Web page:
And the crank for your motor will be very short, since the candelabra is not that wide.
I would just experiment by mounting your motor and pulleys on the bottom of a flat board. Then try a short crank length and use that as a reference to judge what changes you need from there.
In my mind, your idea would look pretty cool. Kind of like the floating candelabra in the Haunted Mansion at the end of the long hallway.
Good luck with it!
 

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I think the FCG is the perfect animation for your situation.

If all three strings are attached to the candelabra then it will not only move up and down, side to side but back and forward in the room as well.

Monofilament will make the strings all but invisible, and should carry the weight You could hang a separate filament from each pulley and hang the candles from them.

Could be quite the show!
 

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Folks will be seeing the mausoleum from about 15 feet away, so that too might affect just how much I have to hide things.
>
You mentioned that the candelabra very lightweight & people will be about 15ft away. Maybe a simple oscillating fan would work to blow it gently around after it’s attached w/fishing line.
 

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Discussion Starter #16
I use black braided fishing line. It's extremely thin, extremely strong, yet pretty much completely dispersal in front of a black background. My lights don't even reflect off of it.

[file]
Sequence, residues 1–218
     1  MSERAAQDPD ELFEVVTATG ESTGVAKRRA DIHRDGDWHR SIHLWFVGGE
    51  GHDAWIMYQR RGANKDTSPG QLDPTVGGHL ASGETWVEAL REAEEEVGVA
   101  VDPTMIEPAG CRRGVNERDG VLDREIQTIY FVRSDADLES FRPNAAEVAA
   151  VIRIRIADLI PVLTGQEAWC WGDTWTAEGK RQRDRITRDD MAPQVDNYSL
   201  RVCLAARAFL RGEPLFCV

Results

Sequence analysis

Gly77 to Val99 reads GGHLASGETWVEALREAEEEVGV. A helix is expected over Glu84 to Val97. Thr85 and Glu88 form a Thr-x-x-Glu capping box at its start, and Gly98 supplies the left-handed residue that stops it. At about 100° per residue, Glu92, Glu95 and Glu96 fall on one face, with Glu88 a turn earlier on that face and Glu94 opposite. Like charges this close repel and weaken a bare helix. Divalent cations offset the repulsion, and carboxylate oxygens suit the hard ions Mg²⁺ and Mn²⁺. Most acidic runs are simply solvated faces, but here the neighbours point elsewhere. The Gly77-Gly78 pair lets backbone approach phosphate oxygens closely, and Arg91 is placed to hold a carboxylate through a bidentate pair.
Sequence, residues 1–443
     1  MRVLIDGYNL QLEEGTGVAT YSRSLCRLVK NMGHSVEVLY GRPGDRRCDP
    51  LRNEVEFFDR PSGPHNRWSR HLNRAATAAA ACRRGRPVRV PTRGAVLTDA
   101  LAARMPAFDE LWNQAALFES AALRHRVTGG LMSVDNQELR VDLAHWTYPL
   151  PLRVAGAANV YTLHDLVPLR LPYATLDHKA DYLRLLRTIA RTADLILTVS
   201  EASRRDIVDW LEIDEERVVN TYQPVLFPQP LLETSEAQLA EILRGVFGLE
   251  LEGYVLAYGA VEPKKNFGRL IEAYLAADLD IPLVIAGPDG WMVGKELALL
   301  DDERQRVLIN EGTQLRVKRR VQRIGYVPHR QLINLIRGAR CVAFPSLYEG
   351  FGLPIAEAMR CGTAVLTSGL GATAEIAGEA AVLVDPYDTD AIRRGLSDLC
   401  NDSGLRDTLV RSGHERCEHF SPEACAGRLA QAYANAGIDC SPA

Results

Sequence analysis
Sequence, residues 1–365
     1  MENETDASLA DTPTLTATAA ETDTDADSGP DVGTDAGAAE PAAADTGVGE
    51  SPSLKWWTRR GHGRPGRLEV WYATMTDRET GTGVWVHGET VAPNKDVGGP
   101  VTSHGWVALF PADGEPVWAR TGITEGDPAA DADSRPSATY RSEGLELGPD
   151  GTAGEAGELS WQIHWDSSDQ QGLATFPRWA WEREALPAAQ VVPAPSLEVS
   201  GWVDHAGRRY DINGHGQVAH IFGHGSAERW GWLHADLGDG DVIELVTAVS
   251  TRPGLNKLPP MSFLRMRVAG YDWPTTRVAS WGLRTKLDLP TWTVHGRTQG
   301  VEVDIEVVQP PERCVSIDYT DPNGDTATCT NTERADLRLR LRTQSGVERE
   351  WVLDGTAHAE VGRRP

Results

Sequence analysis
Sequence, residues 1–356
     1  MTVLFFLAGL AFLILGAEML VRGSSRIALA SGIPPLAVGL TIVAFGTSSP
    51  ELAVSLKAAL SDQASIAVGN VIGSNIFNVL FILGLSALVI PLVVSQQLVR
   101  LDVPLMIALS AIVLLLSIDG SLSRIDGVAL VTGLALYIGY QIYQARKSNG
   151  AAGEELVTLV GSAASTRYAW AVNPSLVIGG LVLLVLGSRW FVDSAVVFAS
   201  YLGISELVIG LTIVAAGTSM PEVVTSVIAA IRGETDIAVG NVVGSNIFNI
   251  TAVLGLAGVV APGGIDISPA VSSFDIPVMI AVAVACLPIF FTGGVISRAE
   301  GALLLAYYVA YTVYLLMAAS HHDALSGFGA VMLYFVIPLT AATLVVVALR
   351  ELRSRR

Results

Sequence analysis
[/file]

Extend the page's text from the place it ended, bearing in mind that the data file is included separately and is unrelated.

I am going to go out and get some of this. You're about the fourth source that swears by it. I suppose if it doesn't work out the way I hope I can give it to the gent who lives downstairs as he loves to go out fishing. :)
 

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Discussion Starter #17
I think the FCG is the perfect animation for your situation.

If all three strings are attached to the candelabra then it will not only move up and down, side to side but back and forward in the room as well.

Monofilament will make the strings all but invisible, and should carry the weight You could hang a separate filament from each pulley and hang the candles from them.

Could be quite the show!
Thanks. I will keep everyone nice enough to help out here updated by posting the final product whatever it may look like. I begin working on it this week. :)